In a live televised address to the nation, the 41-year-old premier said he had worked hard to secure the best possible rescue package for his country, but he now needed a clear new mandate from the Greek people after it cost him his parliamentary majority.
Tsipras headed to the country’s president, Prokopis Pavlopoulos, and formally submitted his resignation to begin the election process.
The remaining money of an initial 23-billion-euro tranche would be paid at a later stage, the government said, with the overall aid package approved by the eurozone’s finance ministers and national parliaments amounting to 86 billion euros.
Government sources cited by the official news agency ANA said he had proposed elections on September 20. Members of Tsipras’ cabinet have warned in recent weeks that the controversial bailout deal, which has split the prime minister’s leftist Syriza party, would make it necessary to test his and his government’s popularity, either via a confidence vote in Parliament or at the ballot box.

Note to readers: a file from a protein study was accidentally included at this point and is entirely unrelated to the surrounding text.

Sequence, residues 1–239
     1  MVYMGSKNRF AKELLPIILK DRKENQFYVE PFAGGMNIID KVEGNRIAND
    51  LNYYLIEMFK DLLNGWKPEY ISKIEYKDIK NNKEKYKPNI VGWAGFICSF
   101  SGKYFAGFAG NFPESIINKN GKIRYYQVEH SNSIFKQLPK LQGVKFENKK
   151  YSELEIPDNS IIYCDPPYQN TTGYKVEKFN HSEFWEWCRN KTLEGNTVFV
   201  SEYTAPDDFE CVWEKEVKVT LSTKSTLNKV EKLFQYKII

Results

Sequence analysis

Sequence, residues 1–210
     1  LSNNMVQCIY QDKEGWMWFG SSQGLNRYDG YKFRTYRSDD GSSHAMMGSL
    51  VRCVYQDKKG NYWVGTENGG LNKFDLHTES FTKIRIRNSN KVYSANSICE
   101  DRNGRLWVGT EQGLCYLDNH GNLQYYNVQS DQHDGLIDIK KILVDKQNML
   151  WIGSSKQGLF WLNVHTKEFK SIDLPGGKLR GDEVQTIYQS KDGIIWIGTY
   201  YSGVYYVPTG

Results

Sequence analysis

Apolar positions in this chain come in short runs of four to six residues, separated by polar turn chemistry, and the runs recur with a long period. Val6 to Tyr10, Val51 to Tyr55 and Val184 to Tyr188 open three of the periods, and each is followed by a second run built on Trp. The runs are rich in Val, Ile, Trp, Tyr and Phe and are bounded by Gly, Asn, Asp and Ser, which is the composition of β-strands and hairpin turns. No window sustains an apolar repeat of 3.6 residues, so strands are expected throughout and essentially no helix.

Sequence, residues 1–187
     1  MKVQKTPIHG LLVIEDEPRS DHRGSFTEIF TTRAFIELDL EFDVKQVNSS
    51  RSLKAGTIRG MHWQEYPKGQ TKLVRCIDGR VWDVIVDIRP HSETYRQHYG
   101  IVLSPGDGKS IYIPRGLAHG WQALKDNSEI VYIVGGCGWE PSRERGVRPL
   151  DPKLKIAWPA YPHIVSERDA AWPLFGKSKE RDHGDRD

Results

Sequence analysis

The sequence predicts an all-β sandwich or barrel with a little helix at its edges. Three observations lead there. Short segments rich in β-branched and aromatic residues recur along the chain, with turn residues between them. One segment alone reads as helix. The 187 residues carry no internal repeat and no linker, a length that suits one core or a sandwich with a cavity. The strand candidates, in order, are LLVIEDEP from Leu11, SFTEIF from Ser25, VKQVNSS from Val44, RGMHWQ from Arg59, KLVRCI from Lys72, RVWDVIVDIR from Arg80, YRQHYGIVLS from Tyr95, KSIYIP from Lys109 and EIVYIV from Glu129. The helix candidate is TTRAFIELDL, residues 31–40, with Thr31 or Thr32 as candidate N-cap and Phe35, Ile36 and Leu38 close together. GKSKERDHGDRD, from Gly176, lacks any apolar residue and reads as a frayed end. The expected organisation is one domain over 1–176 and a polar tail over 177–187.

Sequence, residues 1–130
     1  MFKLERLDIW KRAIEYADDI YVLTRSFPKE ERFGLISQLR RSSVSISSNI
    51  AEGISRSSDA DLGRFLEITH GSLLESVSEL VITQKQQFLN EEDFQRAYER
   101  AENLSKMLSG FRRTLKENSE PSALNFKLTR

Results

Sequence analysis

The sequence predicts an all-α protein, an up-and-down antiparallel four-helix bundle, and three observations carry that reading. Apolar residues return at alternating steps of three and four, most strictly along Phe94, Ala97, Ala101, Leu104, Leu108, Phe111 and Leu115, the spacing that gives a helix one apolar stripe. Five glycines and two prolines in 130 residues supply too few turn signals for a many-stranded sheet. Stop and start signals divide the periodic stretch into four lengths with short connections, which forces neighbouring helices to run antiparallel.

Mr Meimarakis said he would also seek a meeting with the speaker of parliament to seek her contribution in trying to cobble together a government and avoid early elections. Greece’s previous conservative government had agreed to those bailout terms.
Greece faces a snap election after Prime Minister Alexis Tsipras resigned on Thursday, hoping to reboot his leadership with a clean slate after the chaos over a controversial economic bailout from the eurozone.
The party will probably come apart at the seams, as Greek politics realign more clearly into pro-bailout and anti-bailout factions.
“The certainty is that the need for elections has arisen”, Energy and Environment Minister Panos Skourletis said on state television earlier Thursday, according to The Associated Press.
But he alleged that Mr Tsipras was setting a close election date so as not to give the anti-austerity opposition and left-wing dissidents in his own Syriza party time to organise against him. Tsipras will then have the option to return this mandate immediately to the president, which is the expected outcome.
The other group has advised Tsipras not to consider elections before October 11 so the government has a chance to implement its new bailout agreement with lenders and rebuild trust with them.
The political uncertainty took its toll on the market, with the Athens Stock Exchange down 2.8 percent in early afternoon trading. Greece remains under strict capital controls, with weekly limits on cash withdrawals for Greek citizens.